first majestic silver

Precious Metals

July 1, 2002

If stocks have changed direction, where can you put your assets? Interestingly, the flight to quality has been substantially delayed by hope. We all keep hoping equities will recover. In the meantime, the Gold Council has launched a multi-million dollar campaign to promote the yellow metal in the face of recent fear and uncertainty. However, gold has been tarnished by lack luster performance over the past two to three decades. Investors have simply lost touch with hard assets.

Still, gold has managed an impressive rally from $265.90 in April to $320.00 today. We are suffering volatility as traders determine whether interest rate policy and the drop in stocks is good or bad for gold. After all, we have been out of touch with this market for a long time. People are not sure how it correlates.

The present picture is not particularly bullish. In fact, a penetration below 31600 suggests a drawback to 30000. Both the 40-day and 20-day moving averages have lost momentum with the 20-day turning to a negative slope.

Technical traders are seeking a dip of the 20 below the 40 as a sell signal. This would justify a drop to 30000 or even 29800. For those waiting on the sidelines, this would provide an excellent entry opportunity. It is not likely gold will fall back to April lows anytime soon. However, further declines in the Dow, S&P, and NASDAQ will surely be supportive of gold as long as there is sufficient liquidity to buy. If all wealth evaporates, there simply won't be any money to buy included.

July silver may offer option strangles between 500 and 475. If there is sufficient premium, I believe this range will hold despite the onerous chart formation. The problem is that July is expired and the August's go off in two weeks. The strangle only offers 8¢ as of today. That provides a window between 508 and 467. The chart demonstrates support at 470 and the top of the range was 515. In reality, 8¢ is not bad. However, the stock market could spook precious metals higher...particularly if the 4th of July witnesses any terrorism.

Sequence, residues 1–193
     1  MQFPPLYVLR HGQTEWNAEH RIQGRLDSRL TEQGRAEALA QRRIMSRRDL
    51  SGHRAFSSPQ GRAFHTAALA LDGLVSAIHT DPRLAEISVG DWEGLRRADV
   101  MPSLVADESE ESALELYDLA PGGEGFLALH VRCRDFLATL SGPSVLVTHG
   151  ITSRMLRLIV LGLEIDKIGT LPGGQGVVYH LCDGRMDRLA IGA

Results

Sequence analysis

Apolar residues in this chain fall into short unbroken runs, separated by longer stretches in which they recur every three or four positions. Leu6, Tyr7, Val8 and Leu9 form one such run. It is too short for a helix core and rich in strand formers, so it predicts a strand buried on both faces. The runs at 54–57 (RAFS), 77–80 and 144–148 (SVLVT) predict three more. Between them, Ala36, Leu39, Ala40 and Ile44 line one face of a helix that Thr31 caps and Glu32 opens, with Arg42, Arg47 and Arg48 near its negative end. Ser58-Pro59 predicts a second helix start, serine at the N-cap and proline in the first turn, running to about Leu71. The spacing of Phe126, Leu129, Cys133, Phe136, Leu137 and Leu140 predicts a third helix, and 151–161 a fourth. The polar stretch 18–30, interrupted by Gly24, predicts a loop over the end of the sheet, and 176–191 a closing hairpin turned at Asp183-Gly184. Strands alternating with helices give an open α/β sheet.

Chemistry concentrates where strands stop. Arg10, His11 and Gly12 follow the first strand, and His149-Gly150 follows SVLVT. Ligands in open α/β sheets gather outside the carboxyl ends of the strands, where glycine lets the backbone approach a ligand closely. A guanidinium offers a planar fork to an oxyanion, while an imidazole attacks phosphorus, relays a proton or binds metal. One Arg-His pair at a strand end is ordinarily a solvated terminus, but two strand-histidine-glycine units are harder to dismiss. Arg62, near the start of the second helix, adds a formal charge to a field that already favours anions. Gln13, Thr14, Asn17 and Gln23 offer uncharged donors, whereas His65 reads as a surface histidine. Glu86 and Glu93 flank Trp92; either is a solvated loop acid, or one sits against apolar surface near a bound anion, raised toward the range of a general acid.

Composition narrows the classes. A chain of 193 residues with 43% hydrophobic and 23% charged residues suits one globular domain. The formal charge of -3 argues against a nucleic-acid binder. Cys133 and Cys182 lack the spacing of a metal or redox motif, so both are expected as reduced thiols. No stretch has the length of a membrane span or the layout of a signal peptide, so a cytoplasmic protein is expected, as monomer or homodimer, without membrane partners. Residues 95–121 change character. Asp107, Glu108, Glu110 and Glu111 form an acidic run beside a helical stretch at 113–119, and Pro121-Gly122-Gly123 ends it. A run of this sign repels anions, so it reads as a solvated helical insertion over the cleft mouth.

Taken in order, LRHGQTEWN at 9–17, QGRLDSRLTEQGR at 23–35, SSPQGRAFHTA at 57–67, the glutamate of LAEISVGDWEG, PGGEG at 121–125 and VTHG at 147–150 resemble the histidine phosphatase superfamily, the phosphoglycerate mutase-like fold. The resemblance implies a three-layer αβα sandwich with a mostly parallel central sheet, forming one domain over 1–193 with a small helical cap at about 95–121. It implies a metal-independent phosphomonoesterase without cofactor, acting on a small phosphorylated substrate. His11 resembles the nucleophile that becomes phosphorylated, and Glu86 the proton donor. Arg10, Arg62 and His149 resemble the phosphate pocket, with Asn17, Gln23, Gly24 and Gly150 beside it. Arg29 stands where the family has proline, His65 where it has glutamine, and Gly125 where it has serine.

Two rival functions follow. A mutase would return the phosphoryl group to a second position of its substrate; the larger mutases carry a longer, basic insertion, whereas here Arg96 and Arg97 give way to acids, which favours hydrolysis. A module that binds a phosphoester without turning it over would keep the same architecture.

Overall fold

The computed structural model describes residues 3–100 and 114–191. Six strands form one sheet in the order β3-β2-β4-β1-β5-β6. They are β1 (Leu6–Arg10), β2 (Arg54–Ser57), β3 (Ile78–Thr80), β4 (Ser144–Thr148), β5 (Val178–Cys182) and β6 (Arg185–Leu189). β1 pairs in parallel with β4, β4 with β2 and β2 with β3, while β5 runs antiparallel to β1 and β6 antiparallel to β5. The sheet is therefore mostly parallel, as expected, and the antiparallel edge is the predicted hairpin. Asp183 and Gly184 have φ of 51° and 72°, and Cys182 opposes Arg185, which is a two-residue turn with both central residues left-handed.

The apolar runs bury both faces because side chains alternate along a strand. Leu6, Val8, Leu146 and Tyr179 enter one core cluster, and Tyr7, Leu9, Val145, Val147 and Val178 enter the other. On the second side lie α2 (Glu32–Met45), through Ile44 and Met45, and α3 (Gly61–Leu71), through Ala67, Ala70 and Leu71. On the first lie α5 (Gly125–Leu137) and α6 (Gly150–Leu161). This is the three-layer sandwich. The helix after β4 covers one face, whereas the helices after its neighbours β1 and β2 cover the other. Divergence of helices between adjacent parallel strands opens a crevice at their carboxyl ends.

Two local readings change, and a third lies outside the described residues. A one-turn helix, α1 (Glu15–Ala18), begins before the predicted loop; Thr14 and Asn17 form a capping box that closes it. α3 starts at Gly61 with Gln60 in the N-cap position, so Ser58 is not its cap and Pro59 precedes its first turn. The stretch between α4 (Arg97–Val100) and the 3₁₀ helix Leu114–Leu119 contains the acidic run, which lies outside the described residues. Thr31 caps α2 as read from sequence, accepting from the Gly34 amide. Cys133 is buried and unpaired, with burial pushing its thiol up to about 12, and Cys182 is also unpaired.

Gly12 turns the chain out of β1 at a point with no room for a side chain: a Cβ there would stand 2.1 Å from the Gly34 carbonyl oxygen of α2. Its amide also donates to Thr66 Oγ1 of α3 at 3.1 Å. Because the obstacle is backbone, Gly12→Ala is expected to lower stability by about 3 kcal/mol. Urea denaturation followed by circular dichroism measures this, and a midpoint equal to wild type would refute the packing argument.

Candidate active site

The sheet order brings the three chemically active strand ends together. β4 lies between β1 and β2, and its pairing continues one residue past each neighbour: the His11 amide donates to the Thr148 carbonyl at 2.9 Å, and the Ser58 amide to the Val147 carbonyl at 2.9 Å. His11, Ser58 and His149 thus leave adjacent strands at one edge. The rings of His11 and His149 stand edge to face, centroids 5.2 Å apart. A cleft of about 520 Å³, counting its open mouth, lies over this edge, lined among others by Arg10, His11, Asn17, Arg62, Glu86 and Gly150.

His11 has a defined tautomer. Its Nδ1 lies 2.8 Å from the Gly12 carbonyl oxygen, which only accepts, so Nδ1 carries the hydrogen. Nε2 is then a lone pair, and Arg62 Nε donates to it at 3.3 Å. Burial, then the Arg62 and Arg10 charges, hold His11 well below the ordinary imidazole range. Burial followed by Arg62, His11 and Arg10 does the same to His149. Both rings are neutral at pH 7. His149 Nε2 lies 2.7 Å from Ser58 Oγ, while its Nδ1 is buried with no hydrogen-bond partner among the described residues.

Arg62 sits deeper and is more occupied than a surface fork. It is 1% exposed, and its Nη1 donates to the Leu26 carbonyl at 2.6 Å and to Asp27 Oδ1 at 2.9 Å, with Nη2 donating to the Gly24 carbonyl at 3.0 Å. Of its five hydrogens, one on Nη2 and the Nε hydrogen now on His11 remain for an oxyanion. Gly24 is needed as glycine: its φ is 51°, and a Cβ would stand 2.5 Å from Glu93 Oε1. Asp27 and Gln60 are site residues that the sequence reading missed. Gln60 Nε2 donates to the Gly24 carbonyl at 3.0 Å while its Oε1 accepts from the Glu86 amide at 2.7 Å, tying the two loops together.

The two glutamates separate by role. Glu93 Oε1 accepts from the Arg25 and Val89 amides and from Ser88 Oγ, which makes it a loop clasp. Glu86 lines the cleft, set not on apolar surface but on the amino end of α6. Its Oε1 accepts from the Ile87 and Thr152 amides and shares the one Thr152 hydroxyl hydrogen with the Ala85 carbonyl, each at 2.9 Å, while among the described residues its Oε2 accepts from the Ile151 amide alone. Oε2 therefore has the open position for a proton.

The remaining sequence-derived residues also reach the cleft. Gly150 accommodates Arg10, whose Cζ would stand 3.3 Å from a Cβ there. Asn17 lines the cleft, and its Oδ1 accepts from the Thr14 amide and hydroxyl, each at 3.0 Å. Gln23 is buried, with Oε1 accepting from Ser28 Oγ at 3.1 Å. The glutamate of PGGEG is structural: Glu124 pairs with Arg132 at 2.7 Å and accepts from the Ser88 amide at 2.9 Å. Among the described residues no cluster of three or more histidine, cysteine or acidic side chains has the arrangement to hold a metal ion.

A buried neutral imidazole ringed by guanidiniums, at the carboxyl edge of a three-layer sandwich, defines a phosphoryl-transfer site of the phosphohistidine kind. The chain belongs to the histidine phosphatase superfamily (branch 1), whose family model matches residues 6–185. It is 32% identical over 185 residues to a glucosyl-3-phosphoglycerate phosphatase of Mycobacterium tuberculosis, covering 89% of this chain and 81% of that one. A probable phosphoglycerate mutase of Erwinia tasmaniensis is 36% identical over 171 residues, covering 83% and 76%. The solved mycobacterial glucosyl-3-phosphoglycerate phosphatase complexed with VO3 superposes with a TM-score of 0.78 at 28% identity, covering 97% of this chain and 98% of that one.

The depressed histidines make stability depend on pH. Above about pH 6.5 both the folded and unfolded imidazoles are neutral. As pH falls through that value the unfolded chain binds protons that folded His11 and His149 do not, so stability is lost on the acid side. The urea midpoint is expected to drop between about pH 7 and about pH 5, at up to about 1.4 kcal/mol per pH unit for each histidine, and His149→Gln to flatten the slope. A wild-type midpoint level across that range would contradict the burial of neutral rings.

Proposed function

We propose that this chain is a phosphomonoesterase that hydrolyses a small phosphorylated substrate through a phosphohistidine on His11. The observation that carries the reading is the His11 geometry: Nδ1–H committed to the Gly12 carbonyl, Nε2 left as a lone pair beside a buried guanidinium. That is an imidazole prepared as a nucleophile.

Moving to the platinum group, weak summer auto sales suggest a dip in platinum and palladium demand through the 2002 manufacturing year that ends in late August. Based upon economic indicators and consumer confidence, expect to see layoffs and shutdowns moving into the fall. Low interest rates and incentive programs have proven unattractive. People are in "save" mode until the economy sorts itself out.

News that Norilsk Nickel was in contact with all the global automakers dumped both platinum and palladium. Although we saw this pattern in late April, sales were a bit more supportive.

My sources reveal that producers are taking non-catalytic technology more seriously. The huge sting suffered by Ford with its $1 billion write-off of palladium, and the hit on profit margins suffered by other manufacturers (as palladium soared above $1,000 per ounce) has been strong incentive to reduce catalytic metals in favor of computerized fuel and ignition systems.

According to the Platinum Guild and Johnson Matthey, "lean-burn" engines cannot meet California or New York emission standards. Yet, Nissan allegedly unveiled a gasoline car that produced "trace" pollutants at the tailpipe...well within even the strictest standards projected over the next fifteen years. The added benefit is efficiency. The new designs target efficiency requirements with average highway/city mileage above 26 per gallon.